Home Sweet Home

At least, for this guy:

JR

 JR is back with his long time owner from Charles Town, starting a 30 day quarantine after being up on the dealer lot near New Holland.

A few details about how all this happened – a woman named Carol Bailey obtained this horse after bringing her children to the track to see him, and saying he would be for her young son.  Several emails were exchanged, and conversations took place stating that if the horse didn’t work, he was to be returned, and he was to be kept on Carol’s property in Berryville, VA. 

We know now, through the investigative efforts of his owner, that JR never set foot on that property, and it seems went directly into the hands of someone named Todd.  From there he went to another man, who actually took him to the sale at New Holland, where he ended up in the kill buyer’s lot near the auction.  What money exchanged hands, or not, I don’t know.  All I know is that a few short days later I spied that familiar blaze and trace clip on Another Chance For Horses’ website in the broker-owned section.

The other horse Carol took that day, I haven’t seen anywhere, either on that website or other sites that post horses from auctions/lots.  It is possible that this horse is happy in a field somewhere, being worked and prepped as a resale project or personal horse.  I don’t know. The same goes for several other horses she obtained over the last year.  

Naming names is not something I do lightly.  In fact I was warned against it and admonished for having already posted this one in another place frequented by rescuers.  Unfortunately, I do not feel that misrepresenting yourself to obtain horses, especially using your children as a means of proving your good intentions, entitles you to protection.  Especially since there are other recent cases of horses from Charles Town ending up in the same place after having gone through the same hands (though I believe the excuse then was that a horse was “stolen from my field” – in which case I’d love to see the police report). 

Dealers who state their full intentions and say up front the horse may go to a sale if it won’t work – that at least is honest.  But this?  I’m having real problems with this.

If you, or someone you know, is planning on giving a horse away because a good home is more important than money, there are several things to remember.

  1. Check references.  Particularly vet references.  Ask if there is a quick turnover of horses at the property.  Ask the neighbors how often horses come and go.  If you can, go see the actual farm where the horse will be going.  Google the person’s name, phone number, and email address (this often turns up forum postings, sale ads, and sometimes warnings).  In this case, it may not have done much, but the effort alone might have deterred the woman from trying to get the horse in the first place.
  2. Get a written and notarized contract.  The “right of first refusal” is hard enough to uphold, but if you don’t have an actual written, signed, and witnessed contract, it can be very difficult to get your horse back in the event things go astray.  Insisting on this also makes people whose intentions are less than pure less likely to want to deal with you.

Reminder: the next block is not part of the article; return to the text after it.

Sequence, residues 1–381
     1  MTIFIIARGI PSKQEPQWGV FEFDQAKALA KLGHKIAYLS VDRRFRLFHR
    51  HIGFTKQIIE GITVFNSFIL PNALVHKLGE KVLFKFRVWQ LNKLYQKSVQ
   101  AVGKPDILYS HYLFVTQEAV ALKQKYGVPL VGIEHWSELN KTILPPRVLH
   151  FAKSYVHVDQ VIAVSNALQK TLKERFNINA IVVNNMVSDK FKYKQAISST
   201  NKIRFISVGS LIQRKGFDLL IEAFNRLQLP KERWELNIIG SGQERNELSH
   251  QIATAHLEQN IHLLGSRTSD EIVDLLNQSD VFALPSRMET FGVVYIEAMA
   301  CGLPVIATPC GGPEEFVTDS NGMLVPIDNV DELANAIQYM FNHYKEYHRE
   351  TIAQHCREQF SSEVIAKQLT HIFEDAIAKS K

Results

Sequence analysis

There is no way to be fully safe.  But these precautions can help protect you, and more importantly, they can help protect your horse.  In this case, the owner thought she had enough information and knew the woman from past dealings.  And this owner was not born yesterday nor is she easy to fool.  She also does her best to find good homes for horses (in fact, several of her former racers have been featured on this blog as success stories with their new owners fairly recently).  This kind of thing could happen to anybody.

And really, as a result of this, I’ve had to take a much harder look at the whole slaughter pipeline.  I’ve gotten to wondering how many of the horses in such predicaments got there by false (though not illegal) pretenses.  This is the second time I’ve been involved in recovering horses that something like this has happened to.  Given the number of hands JR went through in the space of one week, it seems to be a thriving business.

Interestingly, at the same time JR was up at the lot, another horse (a welsh pony cross) who was supposed to have gone to be  a lesson pony ALSO ended up there.  Johnny Rocket had been given to a local trainer for the lesson program.  Somehow he ended up at New Holland instead. 

The other Charles Town TB who I knew (who also ended up at New Holland the same day as JR, probably through similar though not identical channels as he left the track with someone else completely according to the little bit of information I’ve been able to find) appears to have been paid for through donations from several sources.  Hopefully a place for him to go has also been secured, and I’ll be trying to find out about that. 

And of course, with another week comes another group of horses up there.  Cute ponies.  Beautiful saddlebreds.  A grey TB mare with a knee the size of a watermelon.  *sigh*

And with that starts my vacation.  I will be heading down to Rolex tomorrow to enjoy several days of craziness in the rain with some of my favorite people.  Along the way I intend to get some pics of “Anthony Patch,”  a Thoroughbred being ridden by Laine Ashker who began his career when he was purchased off the CANTER listings as a “trainer owned” horse at Charles Town races.  I believe our fan favorite “Brandenburg’s Joshua” is also on the entry list, a horse who ended his racing career coming in dead last in a $2500 claiming race at Charles Town, and whose breeders/trainers right now have a beautiful half sister of in their stable.  🙂

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One response to “Home Sweet Home

  1. thank you so much for all that you do!

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